To put it another way, when a civil union dissolves, spouses are entitled to support in the form of spousal maintenance, child support, custody, and equitable distribution of property accrued during the civil union, just as they would be if they were legally married. Before 2007, it was against the law for same-sex couples to enter into a civil union, which means there is some debate over how to measure a civil union best. Some scholars believe that a couple’s union should begin when they get property and acquire the designation of a legally recognized couple before 2006, rather than when they begin to live together as a pair in a binding agreement.

What Are the Justifications for Dissolution?

Although civil union dissolution in New Jersey is governed by the same laws and regulations as divorce, the reasons civil union couples in New Jersey can request a dissolution are different from those reasons married couples in New Jersey can petition for a divorce. For example, a married or civil union couple can get a dissolution on the following grounds:

  • Irresponsibility
  • Any cruelty to animals.
  • A span of time during which the relationship has been interrupted for a duration of at least 18 months (no-fault divorce in its origins)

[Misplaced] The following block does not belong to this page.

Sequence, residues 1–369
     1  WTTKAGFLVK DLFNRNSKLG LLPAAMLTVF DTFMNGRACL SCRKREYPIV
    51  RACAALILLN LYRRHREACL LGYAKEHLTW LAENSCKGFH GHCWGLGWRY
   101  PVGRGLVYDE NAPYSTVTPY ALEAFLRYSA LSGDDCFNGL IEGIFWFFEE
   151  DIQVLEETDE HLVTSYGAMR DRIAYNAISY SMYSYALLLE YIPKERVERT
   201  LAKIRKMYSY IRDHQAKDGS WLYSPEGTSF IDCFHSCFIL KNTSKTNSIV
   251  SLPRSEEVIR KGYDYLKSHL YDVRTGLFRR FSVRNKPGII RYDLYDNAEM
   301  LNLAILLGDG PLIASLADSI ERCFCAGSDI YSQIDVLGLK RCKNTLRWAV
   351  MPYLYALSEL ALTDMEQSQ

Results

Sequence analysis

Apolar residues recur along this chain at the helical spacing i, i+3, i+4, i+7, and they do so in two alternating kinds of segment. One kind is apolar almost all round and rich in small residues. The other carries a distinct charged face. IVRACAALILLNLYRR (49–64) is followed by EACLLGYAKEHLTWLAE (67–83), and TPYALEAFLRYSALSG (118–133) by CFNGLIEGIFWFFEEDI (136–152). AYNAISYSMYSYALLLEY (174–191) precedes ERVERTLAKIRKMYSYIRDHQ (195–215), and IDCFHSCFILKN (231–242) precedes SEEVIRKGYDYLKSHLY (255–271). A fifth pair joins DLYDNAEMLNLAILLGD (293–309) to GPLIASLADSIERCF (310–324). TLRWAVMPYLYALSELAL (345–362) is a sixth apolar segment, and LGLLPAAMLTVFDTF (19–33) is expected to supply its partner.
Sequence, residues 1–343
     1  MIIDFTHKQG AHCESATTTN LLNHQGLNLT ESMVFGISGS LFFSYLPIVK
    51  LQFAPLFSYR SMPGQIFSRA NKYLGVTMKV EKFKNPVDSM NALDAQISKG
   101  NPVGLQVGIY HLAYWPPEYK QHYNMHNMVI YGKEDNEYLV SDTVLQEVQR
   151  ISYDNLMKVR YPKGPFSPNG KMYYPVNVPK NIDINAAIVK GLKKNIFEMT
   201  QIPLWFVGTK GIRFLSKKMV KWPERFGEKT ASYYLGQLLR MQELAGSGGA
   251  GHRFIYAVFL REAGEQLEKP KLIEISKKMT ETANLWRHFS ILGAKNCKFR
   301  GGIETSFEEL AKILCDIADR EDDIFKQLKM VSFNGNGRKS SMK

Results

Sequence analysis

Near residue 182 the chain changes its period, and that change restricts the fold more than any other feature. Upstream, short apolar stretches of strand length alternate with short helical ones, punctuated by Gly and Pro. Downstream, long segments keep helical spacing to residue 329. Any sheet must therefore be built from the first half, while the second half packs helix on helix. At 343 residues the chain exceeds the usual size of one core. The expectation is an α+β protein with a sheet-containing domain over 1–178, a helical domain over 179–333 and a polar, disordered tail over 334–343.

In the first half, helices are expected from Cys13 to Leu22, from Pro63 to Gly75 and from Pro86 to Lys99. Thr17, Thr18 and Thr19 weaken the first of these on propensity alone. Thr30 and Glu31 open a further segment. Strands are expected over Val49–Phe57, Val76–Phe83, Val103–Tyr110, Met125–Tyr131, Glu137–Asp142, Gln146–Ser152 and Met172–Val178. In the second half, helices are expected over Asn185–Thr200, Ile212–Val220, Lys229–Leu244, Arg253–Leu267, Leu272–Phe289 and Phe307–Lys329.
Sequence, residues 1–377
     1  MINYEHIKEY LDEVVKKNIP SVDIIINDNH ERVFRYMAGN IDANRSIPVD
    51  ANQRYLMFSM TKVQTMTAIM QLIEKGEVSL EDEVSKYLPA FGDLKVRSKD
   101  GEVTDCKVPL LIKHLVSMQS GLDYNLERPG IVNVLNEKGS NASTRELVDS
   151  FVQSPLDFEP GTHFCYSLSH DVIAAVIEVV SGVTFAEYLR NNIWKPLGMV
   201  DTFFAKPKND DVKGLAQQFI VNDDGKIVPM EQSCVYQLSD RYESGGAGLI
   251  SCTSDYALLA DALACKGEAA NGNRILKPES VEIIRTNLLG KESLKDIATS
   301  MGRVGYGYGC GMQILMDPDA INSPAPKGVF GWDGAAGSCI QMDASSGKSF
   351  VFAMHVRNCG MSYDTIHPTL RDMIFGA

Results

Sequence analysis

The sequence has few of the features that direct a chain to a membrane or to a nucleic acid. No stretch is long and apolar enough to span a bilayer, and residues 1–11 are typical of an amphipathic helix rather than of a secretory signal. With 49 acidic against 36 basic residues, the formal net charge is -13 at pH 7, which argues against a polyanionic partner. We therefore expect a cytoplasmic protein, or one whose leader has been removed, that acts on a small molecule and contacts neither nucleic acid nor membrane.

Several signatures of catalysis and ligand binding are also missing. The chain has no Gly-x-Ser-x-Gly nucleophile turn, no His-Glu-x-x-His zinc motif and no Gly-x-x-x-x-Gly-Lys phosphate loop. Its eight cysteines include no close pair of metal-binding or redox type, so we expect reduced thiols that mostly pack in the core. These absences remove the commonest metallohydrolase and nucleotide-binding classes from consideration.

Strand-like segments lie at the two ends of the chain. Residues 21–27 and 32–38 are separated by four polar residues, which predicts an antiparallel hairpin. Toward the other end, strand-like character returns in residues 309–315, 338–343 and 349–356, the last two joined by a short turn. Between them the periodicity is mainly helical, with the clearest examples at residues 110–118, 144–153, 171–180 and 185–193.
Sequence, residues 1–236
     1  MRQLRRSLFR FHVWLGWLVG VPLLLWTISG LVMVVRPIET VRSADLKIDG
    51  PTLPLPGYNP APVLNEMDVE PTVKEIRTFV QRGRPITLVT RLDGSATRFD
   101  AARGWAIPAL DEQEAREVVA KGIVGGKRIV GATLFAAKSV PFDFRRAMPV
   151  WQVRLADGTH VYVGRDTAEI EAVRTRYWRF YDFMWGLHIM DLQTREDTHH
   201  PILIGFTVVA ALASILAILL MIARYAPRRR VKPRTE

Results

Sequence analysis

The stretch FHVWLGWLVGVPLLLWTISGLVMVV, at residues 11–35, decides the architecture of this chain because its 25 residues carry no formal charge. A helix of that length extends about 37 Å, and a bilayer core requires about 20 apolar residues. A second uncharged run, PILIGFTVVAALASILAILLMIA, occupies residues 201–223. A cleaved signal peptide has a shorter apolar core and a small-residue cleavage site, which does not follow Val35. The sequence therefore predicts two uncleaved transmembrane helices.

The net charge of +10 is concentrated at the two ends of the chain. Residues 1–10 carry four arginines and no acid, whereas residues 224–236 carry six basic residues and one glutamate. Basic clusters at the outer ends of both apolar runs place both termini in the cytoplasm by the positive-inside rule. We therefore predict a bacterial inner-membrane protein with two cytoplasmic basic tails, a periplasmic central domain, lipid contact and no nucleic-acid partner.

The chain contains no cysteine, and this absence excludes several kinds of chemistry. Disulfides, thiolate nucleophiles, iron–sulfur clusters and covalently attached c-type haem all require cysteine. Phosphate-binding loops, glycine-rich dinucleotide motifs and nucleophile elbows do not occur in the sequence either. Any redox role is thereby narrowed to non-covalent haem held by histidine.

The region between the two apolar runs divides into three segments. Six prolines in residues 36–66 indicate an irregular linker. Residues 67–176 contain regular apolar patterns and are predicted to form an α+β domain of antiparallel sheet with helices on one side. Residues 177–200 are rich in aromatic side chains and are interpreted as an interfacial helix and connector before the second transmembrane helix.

• The habitual use of a substance that impairs the ability to make reasoned decisions
  • Treatment for a lengthy amount of time (a year or more) in a mental health facility
  • For 18 months or longer, there is a prison term.

Civil Unions and Alimony

The fact that three samples are absent from the list has to be noted. These facts are significant in marriage simply when conflicts, deviant sexual behavior, and adultery cannot be reconciled.

Although civil union dissolution in New Jersey is subject to the same rights and duties as divorce, the reasons available to civil union couples seeking a dissolution differ from those available to married couples seeking a divorce. In New Jersey, both married and civil union partners may seek to end their partnerships for the following reasons:

  • Civil Unions and AlimonyAbandonment
  • Cruelty to animals.
  • A period of separation of 18 months or more (the original no-fault divorce)
  • Substance abuse or inebriation regularly
  • Hospitalization for mental illness for a period of 24 months or more
  • A sentence of 18 months or more in jail

Note that three examples are missing from the list. Irreconcilable differences, aberrant sexual activity, and infidelity are only relevant in marriage.